The accounting profession requires that the company debit Retained Earnings2 equal to the fair market value of the shares if the stock dividend is considered small: say 20% to 25% of the number of shares outstanding. If it is considered larger than this, the debit should be equal only to the legal value which is par or the stated value of no par stock, an arbitrary value assigned to this stock but not shown on the certificate.
Large stock dividends are more like stock splits because the stock prices decrease. For example, a 2-for-1 stock split typically will result in the market price dropping 50%. Instead of the 100 shares you owned worth $20 each, you now own 200 shares worth $10 each. Stock dividends have favorable tax advantages because they turn ordinary income into long-term capital gains (LTCG): because stocks are always held for more than one year, a long term. As of 2012, LTCG will be taxed at 0%, if the taxpayer’s rate on their federal return is 15% or lower, or at 15%, if that rate is 16% or higher.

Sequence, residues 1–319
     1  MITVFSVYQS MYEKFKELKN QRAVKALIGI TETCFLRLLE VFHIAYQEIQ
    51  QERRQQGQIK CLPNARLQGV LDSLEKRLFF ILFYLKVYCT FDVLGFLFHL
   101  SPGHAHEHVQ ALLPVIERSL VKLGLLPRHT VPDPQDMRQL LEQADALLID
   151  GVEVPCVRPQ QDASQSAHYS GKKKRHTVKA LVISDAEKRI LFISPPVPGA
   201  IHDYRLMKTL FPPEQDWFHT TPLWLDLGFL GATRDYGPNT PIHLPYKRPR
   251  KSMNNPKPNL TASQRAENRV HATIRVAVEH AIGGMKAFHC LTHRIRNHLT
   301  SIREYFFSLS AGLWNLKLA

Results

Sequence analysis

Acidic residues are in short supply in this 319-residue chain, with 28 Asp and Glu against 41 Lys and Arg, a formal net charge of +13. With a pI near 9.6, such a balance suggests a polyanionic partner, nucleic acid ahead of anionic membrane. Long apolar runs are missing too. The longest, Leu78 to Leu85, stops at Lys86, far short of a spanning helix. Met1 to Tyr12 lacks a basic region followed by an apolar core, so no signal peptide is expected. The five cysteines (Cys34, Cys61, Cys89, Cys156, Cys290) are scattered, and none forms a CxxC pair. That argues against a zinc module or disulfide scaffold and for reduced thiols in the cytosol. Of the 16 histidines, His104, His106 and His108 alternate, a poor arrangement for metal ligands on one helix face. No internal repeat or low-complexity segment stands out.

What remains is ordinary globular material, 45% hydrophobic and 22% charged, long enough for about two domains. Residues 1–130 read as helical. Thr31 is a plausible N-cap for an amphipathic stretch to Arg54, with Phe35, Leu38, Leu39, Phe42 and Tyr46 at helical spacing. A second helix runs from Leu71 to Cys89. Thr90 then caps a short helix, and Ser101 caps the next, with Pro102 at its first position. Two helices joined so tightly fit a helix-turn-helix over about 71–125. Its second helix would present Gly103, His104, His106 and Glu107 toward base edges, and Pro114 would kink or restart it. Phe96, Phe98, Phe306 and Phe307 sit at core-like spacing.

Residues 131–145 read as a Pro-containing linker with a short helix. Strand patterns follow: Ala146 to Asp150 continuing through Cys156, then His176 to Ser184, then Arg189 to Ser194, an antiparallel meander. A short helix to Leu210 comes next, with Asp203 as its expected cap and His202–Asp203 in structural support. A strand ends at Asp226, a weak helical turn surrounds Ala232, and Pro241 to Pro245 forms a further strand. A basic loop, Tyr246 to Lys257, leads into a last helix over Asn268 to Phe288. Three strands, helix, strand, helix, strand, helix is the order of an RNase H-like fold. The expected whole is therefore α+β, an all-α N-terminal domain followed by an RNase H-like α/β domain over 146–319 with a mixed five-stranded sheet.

An investor should not try to time the market. It is nearly impossible to know when a stock price high or low has been reached based on price alone. Financial advisors usually tell their clients to stay in for the long haul. There is nothing wrong in trying to cash in on your profits by selling some of your shares because you’re not playing with your own money. It is similar to being at a casino and gambling only with your winnings.
However, a better strategy is to use the fundamental tools of statement analysis to determine which company to invest in. Such tools are well known among accounting and financial analysts. They include Earnings per Share (EPS) which is measured by taking the bottom line net earnings and dividing that number by the outstanding shares. To the investment community that represents one of the most useful tools in evaluating a corporation’s financial performance.
It is comparable to adding up all the income of a household and then dividing that number by the total number of persons in the household. It gives you a clear picture of how much income each person would have a share in.
A related measure used by financial advisors is the Price Earnings Ratio. This represents the market view of the future profitability of the corporation. The higher the multiple, the most optimistic the market is about this company. In the “dot.com” era, multiple was twenty or thirty times earnings, and for companies with a loss it was infinity because in this case the numerator was a negative number. That was a high risk time and the bursting “bubble” spelled trouble for many people. In contrast today a multiple of 15 would be relatively reasonable, but this could change as it did in the late 1990s.